As you may know (or have previously read), one of my goals for this journey was to attend as many of the European Taste Festivals as I could while over here. The 2017 season began last weekend, with the Taste of Milano.
Set at ‘The Mall’ exhibition space in Porta Nuova, the Taste of Milano didn’t have the outdoor festival atmosphere that I was used to in Melbourne. In fact, The Mall exhibition space is kind of underground. Or more accurately, below street level. The weird thing about Milan centre is that the entire city seems to be built on a falsely raised platform. You think you’re on the ground, but if you look down through any of the hundreds of grates you’ll walk over as you’re exploring, you’ll see that what looks like the real ground level is actually a couple of metres below you. It’s a little odd, and took my imagination on a wild ride as I imagined some secret subculture of rat-people who have been worshipping the ancient Roman gods for hundreds of years in secret and living below the modern population, stealing our garbage.
Nonetheless – that ‘real’ ground level is where the festival was!
The Taste of Milano was basically a corridor leading away from you featuring restaurant pop-ups down one side, with a few bars and other stalls of interest along the other. I walked the entire length on arrival, only to be disappointed by the fact that the produce and market section was not there. It was only the restaurant pop-ups. While that did give it a somewhat more upmarket feel than the festival I’m used to, I was a little disappointed and felt that it was missing a core part of what makes it a regional food festival – to explore the products that local artisans have to offer, as well as the culinary side of the gastronomic landscape. Nonetheless, it did smell amazing.
The first dish I tried was from “La Locanda del Notaio” – potato foam with cacao crumble, cicerones, and quail egg poached in black truffle.
This actually ended up being my favourite out of the dishes that I tried. The potato foam itself was pristine in it’s consistency, with the cicerones adding a pleasant contrasting crunch. By the way, if you’re wondering what the green is, it’s olive oil of an exceptionally high quality – yes, that ends up looking green, not the amber colour we usually associate with oil! The quail egg and cacao crumble were hidden at the bottom like a secret, and it was fun to unearth it and mix it through. The truffle was aromatic but very subtle, the primary taste when eating was of the olive oil, egg and salt, but the black truffle flavour lingered on the tongue afterwards, almost making me reluctant to move on to the next dish.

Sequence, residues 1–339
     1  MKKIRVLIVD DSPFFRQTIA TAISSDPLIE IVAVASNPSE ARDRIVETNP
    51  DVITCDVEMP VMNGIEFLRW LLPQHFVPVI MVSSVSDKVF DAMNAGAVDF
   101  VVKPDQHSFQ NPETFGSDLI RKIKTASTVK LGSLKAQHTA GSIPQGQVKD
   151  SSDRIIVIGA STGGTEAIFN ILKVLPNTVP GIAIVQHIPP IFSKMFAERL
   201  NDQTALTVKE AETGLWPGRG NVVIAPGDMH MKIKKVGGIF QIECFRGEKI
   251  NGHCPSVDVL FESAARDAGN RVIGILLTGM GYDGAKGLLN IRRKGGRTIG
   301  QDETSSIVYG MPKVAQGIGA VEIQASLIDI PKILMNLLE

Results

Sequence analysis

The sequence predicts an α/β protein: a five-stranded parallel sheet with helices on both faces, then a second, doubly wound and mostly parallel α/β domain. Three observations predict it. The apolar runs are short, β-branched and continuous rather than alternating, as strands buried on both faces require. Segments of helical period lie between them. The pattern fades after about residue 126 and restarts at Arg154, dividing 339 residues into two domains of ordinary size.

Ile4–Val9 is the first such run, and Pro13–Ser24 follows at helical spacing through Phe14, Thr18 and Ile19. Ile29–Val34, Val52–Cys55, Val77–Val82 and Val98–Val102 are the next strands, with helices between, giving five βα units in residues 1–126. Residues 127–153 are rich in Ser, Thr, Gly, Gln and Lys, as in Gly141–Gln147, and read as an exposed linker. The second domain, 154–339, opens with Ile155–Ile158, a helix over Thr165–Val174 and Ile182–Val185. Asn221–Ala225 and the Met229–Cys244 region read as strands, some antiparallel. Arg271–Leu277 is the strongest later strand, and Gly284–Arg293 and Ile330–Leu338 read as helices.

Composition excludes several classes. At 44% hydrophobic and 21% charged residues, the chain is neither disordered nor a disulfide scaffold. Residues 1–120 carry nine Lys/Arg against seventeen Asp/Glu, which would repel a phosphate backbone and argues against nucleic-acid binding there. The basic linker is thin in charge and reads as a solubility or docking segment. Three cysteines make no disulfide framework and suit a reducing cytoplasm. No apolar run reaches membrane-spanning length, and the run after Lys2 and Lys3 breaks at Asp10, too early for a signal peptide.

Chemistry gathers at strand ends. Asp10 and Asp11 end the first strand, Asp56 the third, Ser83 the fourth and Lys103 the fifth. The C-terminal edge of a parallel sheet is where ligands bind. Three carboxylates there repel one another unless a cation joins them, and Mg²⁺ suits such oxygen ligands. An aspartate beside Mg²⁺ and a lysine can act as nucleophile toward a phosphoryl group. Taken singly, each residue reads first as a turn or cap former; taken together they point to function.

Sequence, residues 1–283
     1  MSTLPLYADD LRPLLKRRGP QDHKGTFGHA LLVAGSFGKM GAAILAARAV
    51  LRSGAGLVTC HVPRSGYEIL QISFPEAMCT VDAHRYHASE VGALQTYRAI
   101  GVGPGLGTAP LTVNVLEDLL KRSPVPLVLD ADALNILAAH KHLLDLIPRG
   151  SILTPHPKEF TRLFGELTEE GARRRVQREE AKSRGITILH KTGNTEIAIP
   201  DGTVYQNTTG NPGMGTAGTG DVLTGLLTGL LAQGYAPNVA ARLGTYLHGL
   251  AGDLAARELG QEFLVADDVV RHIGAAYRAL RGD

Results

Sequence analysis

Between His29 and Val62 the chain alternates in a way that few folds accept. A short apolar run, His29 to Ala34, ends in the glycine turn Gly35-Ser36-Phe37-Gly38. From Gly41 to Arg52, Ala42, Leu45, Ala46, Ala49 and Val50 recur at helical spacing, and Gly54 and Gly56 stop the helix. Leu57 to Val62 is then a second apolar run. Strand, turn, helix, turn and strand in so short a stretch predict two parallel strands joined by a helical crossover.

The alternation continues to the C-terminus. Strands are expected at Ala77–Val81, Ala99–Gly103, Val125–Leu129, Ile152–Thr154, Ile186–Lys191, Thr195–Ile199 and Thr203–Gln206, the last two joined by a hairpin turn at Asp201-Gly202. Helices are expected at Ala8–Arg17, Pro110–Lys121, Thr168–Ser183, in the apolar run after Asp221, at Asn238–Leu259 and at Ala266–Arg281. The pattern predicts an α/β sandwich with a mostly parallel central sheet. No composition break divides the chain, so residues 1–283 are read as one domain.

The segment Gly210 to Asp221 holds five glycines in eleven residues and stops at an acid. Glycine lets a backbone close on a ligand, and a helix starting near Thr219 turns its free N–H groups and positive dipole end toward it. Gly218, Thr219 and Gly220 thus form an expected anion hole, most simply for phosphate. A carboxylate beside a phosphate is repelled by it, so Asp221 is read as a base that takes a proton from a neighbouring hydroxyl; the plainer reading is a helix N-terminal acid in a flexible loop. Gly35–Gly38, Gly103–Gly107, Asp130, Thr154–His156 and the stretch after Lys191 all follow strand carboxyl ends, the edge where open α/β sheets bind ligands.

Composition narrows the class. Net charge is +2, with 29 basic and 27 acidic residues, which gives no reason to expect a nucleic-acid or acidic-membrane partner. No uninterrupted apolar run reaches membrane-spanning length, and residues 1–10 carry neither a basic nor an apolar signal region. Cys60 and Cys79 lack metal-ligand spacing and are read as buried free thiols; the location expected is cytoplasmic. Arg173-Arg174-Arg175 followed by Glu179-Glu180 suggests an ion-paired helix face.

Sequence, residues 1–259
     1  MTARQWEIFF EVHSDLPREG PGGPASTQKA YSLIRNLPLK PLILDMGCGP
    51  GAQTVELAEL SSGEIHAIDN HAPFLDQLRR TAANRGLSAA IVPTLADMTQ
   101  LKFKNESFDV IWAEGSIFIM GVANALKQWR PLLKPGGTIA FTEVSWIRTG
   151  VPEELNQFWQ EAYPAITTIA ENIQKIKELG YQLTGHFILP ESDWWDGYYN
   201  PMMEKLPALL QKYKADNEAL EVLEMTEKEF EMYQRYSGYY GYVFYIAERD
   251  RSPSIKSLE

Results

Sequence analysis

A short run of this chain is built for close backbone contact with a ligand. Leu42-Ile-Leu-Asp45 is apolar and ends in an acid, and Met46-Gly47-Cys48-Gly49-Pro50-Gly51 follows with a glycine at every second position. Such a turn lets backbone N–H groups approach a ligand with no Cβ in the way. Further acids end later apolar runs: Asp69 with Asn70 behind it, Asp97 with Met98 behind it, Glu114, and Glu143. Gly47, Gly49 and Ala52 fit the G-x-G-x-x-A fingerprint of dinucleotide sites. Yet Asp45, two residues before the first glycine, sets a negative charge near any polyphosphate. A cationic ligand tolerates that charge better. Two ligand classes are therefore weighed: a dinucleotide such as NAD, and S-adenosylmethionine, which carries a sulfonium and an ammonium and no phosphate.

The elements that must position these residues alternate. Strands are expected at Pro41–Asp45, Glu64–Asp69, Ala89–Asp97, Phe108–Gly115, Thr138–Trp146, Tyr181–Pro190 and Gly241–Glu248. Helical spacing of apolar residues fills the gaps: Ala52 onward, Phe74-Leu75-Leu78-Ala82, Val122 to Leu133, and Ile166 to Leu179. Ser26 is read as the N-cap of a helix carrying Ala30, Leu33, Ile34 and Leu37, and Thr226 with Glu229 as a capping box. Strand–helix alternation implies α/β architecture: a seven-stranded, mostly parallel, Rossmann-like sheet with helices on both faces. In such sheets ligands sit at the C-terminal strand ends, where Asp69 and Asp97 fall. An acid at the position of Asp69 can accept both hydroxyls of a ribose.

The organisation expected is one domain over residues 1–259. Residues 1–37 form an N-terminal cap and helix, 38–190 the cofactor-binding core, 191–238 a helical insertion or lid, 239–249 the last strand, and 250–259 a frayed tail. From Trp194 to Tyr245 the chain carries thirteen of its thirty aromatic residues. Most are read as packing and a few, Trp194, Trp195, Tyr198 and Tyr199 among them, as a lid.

This one was a big surprise for me, because I didn’t know what I was getting myself into. From Innocenti Evasioni, my friend had selected it, and it comprised of a cream of Ragusano (a hard cows milk cheese) with hazelnuts, a poached egg, tomato extract and bottarga. And this was where I got thrown off, because I had no idea what bottarga was.
It turns out that bottarga is an extremely fishy, strong preserved roe, that is then grated or sliced and added into other dishes. Even with the cheese and the hazelnuts the flavour overpowered everything else. Not being a fan of the very fishy flavours, I couldn’t bring myself to eat much of this, but I can say that it was beautifully presented and the texture of the cream was also silky smooth.
Dish #3, from Ristorante Trussardi alla Scala, was an impeccable creme brulee of white asparagus, again with quail eggs (they seemed to be quite the ingredient on trend), milk of Parmesan and Guanciale (similar to Prosciutto).
I love asparagus, but was amazed to see that the somewhat fibrous texture was completely disguised in the creme brulee, leaving you with exactly the texture you would expect in the dessert for which it is named. Additionally, the sweet caramlised top contrasted beautifully with the savoury elements on the plate.